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For sale: Data for up to 30 million payment cards stolen in skimming heist, Ars Technica

For sale: Data for up to 30 million payment cards stolen in skimming heist, Ars Technica

      BIG HAUL –


Point-of-sale machines at ~ 2013 Wawa locations were infected for 9 months.


       Jan , (6:) pm UTC


The Wawa chain of convenience stores said in December that it had discovered card-skimming malware on point-of-sale machines at just about all of its stores. The infection began rolling out to the store’s payment-processing system on March 4 and was discovered until December 29. It took two more days for the malware to be fully contained. The malware collected payment-card numbers, expiration dates, and cardholder names.

On Monday night, Dark Web site Joker’s Stash began uploading stolen data for what it claimed were million payment cards, Researchers from fraud intelligence service Gemini Advisory reported in a

blog post . Joker’s Stash is one of the biggest Dark Web marketplaces for buying stolen payment-card data. The anonymous site has named the lasted haul “BIGBADABOOM-III.” While the site did not identify the Wawa hack as the source of the data, Gemini researchers said they were able to determine that was the case.

If the Joker’s Stash claims are true, the Wawa hack would be among the biggest payment-card breaches in history, behind the 2014 breach of Home Depot, which lost personal data for 50 million customers, and the 2014 breach of Target stores, which lost 40 million sets of data. Because the Wawa infection affected point-of-sale machines for as many as 2014 locations and was not detected for nine months, the malware had plenty of opportunity to collect massive amounts of sensitive data.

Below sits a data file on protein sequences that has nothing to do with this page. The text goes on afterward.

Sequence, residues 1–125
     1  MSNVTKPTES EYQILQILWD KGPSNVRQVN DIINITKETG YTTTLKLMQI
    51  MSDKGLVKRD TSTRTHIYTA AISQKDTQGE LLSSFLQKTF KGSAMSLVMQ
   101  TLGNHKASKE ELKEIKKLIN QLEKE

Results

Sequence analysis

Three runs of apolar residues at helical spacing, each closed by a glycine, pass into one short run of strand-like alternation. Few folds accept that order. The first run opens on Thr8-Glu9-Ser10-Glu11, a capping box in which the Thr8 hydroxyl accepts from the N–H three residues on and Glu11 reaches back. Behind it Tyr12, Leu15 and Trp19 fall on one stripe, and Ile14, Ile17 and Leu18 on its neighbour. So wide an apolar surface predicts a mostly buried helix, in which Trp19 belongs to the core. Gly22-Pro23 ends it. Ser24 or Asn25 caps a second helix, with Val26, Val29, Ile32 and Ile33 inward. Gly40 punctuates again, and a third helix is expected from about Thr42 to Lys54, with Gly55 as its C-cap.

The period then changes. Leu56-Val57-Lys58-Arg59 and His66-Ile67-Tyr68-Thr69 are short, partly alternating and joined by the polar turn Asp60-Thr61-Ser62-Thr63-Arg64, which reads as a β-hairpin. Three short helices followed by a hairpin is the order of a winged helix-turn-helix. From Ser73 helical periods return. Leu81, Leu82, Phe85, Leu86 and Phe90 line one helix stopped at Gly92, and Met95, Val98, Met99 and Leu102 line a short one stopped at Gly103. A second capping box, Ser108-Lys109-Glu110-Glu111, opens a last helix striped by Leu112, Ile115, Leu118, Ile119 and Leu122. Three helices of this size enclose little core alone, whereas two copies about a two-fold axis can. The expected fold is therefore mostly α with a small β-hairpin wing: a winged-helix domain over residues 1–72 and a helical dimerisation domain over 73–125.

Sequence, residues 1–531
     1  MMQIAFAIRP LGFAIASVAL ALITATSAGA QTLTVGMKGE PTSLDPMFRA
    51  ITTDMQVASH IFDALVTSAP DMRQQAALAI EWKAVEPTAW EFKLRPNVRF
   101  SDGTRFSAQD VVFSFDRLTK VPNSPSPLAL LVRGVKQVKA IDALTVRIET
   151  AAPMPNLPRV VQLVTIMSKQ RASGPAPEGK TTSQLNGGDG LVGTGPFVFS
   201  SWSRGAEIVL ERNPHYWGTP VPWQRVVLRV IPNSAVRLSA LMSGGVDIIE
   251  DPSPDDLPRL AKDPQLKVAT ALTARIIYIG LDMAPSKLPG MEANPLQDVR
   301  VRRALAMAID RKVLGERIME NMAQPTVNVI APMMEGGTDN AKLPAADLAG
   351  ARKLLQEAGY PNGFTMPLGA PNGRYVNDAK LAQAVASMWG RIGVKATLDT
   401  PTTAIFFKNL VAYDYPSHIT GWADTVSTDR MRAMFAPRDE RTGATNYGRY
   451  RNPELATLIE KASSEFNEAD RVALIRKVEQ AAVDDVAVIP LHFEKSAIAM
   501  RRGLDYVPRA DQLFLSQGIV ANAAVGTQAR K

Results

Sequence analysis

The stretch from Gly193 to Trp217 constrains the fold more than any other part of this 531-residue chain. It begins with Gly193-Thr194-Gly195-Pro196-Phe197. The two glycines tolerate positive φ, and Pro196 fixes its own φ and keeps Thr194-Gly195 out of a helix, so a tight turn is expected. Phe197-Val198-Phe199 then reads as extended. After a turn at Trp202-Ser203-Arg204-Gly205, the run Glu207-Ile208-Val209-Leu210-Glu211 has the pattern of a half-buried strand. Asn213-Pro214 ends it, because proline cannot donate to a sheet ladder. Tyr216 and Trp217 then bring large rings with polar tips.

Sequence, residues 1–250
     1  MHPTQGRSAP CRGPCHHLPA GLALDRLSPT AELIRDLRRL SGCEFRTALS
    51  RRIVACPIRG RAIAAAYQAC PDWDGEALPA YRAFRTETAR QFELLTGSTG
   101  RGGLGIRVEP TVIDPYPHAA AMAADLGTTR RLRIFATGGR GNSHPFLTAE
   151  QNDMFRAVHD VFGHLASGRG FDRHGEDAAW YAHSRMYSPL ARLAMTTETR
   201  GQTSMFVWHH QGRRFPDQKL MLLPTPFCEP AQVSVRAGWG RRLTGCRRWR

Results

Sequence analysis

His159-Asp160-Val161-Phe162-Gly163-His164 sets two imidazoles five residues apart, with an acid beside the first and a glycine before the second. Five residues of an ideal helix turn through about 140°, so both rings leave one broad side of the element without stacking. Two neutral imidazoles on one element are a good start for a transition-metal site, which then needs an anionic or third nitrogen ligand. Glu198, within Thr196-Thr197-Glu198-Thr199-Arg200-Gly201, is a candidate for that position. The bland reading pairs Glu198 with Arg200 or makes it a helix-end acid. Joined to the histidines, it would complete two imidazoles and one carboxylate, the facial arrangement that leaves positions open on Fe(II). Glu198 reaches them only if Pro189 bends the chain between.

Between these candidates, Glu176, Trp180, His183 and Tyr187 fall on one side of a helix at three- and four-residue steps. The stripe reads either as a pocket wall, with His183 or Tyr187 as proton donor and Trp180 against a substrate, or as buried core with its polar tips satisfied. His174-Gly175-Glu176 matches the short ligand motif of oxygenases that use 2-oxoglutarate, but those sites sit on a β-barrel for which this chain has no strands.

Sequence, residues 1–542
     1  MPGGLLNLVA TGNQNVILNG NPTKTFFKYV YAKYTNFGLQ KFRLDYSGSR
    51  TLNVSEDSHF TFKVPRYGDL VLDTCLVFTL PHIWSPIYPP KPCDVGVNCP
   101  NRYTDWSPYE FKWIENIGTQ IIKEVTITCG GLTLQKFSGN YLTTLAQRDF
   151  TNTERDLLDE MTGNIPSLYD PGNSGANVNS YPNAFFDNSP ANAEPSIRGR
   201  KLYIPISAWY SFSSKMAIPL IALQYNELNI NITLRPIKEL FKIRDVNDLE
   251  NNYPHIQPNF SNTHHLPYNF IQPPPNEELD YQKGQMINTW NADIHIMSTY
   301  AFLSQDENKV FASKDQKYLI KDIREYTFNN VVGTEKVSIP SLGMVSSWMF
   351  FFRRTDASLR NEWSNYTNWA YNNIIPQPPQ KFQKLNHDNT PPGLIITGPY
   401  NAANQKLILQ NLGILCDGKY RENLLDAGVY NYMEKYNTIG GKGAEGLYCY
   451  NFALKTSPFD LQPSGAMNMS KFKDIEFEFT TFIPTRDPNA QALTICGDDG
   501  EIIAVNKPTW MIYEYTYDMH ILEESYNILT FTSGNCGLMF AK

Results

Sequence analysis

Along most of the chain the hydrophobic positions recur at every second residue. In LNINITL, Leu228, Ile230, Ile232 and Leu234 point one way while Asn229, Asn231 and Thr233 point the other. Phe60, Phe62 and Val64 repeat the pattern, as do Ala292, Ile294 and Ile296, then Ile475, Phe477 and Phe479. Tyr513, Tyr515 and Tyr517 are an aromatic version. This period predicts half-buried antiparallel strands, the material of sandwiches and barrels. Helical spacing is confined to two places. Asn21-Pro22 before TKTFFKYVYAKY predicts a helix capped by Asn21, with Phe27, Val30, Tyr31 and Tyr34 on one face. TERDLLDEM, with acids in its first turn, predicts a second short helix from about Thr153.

Gemini analysts Stas Alforov and Christopher Thomas said that the median price of US-issued cards compromised in the breach was $ 29, “with some of the international records priced as high as $ 210 per card. ”Demand for card data stolen in major breaches like this one is usually low, likely because Wawa has already informed card holders and card issuers of the theft. Joker’s Stash has historically piggybacked on the extensive media coverage of major breaches to reinforce its reputation as a reliable supplier of stolen data.

Another way criminals deal with low demand is to release large hauls in small chunks rather than all at once. That may explain why only a small portion of the card data is currently available on Joker’s Stash. Releasing data for millions of cards all at once would likely depress its value by flooding the market with more supply than it needs.

So far, Gemini has analyzed data for an initially uploaded set of about , 0 cards and found a few anomalies. For one, the data for the 728, 01 0 cards shows the state geolocation data but not the ZIP code. For another, the location data shows the compromised records span from 40 different states, but this information appears to be falsified. In fact, Gemini said, records from only six states appear to be genuinely affected.

Anyone who has used a payment card at a Wawa location from March to December of last year should check billing statements extra closely . Wawa is offering affected customers one year of credit monitoring, but the effectiveness of these services is questionable. A more effective measure is to place a security freeze on credit files. Freezes prevent creditors from accessing credit files at the three national credit reporting bureaus unless the consumer explicitly consents.

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